Political Weekly: Not Too Early for April Fools
Written by Bwog Staff
White House Bureau Chief Jim Downie returns with news from the campaign trail (on a Tuesday!). April fools?
Spring means baseball, and on Sunday night, your blogger’s favorite baseball team, the Washington Nationals, opened their new ballpark in DC (with a win over the Braves, by the way). The number of people who thought last year that this Democratic primary would still being going when baseball started? Even fewer than the number of people who thought that all four top seeds would be in this year’s Final Four (that sound you heard after Kansas beat Davidson? Pool experts screaming as the novices celebrated their winning brackets).
As the primary campaign on the Democratic side drags on for at least another month (see below), people continue to ask: when is this going to end? And now, the news:
Should I Stay or Should I Go Now?: If you’re Hillary Clinton, the answer is stay. The New York senator, despite having no chance of catching up in either the popular vote or the pledged delegate count, has told the Washington Post that she will stay in the race until the August convention in Denver. She appears to be hinging her chances on unpledged superdelegates, despite Obama having closed the gap in that category by more than 50 over the past few months. Observers actually think that she could bow out after May 6 if she doesn’t win Indiana, but this race will be going for at least another five weeks.
Our Halftime Entertainment For This Evening… Healthcare!: Turns out that the last night of the Republican National Convention will also be opening night of the NFL season (Washington vs. New York). Stereotypes would have dictated the Democrats would not know when football season starts, but either way we get to see just how little Americans actually care about their leaders. (Also, a commenter last weeked thought that no mention of McCain on my part was somehow typical of Columbia. If that person could explain how the Republican primary is still interesting, I’d be glad to talk about it).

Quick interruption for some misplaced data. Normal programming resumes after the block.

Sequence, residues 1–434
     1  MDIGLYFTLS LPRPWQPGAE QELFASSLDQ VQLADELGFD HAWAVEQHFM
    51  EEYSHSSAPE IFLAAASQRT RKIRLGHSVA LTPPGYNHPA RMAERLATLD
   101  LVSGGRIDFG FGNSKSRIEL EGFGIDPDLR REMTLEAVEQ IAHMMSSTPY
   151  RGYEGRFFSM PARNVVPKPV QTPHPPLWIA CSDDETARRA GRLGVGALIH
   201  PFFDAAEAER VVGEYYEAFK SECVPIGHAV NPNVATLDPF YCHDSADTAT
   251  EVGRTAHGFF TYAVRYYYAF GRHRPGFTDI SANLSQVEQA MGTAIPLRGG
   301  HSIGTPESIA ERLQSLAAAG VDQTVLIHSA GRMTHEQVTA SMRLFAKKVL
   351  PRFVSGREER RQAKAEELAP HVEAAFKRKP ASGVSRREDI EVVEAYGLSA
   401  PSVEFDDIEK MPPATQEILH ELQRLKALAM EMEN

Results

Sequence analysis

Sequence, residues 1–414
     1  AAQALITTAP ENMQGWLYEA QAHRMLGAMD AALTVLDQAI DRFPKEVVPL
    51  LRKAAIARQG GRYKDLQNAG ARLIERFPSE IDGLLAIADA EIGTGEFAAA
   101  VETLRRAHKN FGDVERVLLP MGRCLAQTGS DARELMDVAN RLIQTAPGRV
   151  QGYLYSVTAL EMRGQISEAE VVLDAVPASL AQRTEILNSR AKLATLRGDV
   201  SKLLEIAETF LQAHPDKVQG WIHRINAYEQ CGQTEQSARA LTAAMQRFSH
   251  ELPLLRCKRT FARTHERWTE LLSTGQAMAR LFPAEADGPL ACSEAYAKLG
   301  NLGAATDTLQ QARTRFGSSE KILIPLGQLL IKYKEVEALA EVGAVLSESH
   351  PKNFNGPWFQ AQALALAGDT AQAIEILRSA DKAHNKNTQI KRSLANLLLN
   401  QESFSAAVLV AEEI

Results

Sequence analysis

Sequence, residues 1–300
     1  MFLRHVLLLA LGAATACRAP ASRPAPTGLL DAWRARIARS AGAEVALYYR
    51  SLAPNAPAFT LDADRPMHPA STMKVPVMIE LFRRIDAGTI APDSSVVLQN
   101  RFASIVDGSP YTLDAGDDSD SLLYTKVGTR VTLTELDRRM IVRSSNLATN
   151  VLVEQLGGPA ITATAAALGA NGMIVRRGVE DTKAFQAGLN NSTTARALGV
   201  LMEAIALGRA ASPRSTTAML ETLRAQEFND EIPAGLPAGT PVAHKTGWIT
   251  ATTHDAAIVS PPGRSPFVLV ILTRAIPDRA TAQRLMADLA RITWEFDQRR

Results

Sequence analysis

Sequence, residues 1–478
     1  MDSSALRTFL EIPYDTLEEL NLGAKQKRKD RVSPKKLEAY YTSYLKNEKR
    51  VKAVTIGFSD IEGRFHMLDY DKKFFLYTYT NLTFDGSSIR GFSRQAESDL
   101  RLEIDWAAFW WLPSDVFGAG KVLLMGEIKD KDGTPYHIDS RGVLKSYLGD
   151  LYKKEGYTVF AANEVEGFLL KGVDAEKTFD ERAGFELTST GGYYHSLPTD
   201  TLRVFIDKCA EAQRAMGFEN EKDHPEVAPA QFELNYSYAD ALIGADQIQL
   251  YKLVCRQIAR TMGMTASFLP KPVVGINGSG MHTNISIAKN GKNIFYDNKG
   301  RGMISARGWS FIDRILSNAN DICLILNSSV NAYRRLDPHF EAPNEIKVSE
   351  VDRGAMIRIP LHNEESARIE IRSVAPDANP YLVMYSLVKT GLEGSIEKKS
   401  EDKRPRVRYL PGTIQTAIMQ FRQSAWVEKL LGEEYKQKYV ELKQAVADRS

The CBS Fridays at 10: Poll numbers for the Democrats in Pennsylvania (April 22), North Carolina (May 6), and Indiana (May 6) are here, here, and/or here. The first two should be won by Clinton and Obama, respectively, while Indiana will probably the latest “make-or-break” state that actually won’t end the campaign.
Learning New Tricks: For all you New Yorker readers who can’t get enough of political columnist Hendrik Hertzberg, he has a blog. A small warning to RSS-lovers: it appears there is no Hertzberg-specific RSS feed (at least for Firefox).
From the Dept. of Firsts: Clinton may be the first woman president, and Obama the first black president, but John McCain has his own first—the first short president in over two centuries. As Kevin Drum points out, no man more than an inch shorter than the national average has won the presidency in over 200 years.
At Least They’ll Be Collectible: Despite being from the same state as Lincoln, Obama is open to eliminating the penny. Does anyone know how we’ll make change, though? Some of us still occasionally use cash.
Spitzer, Patterson, Clinton?: Newsweek reports that some Democrats are floating the New York governorship as a safe place for Clinton between now and 2012. If I were a tasteless late night host, I’d say Albany’s had enough affairs. But I’m not, so I won’t.
They Asked For The Work Though: Ever wonder what it’s like maintaining your favorite candidate’s Wikipedia page? You didn’t? Really? Are you sure? In any case, find out here.